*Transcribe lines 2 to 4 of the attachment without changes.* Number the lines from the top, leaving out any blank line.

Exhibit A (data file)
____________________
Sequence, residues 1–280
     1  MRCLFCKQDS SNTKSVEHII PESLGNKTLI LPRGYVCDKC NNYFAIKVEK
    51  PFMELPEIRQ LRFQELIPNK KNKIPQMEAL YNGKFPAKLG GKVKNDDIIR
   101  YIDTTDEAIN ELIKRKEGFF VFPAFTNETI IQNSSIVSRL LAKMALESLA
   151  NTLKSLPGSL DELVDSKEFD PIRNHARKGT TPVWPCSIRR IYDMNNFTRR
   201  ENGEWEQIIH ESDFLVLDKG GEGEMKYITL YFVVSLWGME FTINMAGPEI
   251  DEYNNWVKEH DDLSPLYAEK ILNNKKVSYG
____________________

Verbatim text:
     1  MRCLFCKQDS SNTKSVEHII PESLGNKTLI LPRGYVCDKC NNYFAIKVEK
    51  PFMELPEIRQ LRFQELIPNK KNKIPQMEAL YNGKFPAKLG GKVKNDDIIR
   101  YIDTTDEAIN ELIKRKEGFF VFPAFTNETI IQNSSIVSRL LAKMALESLA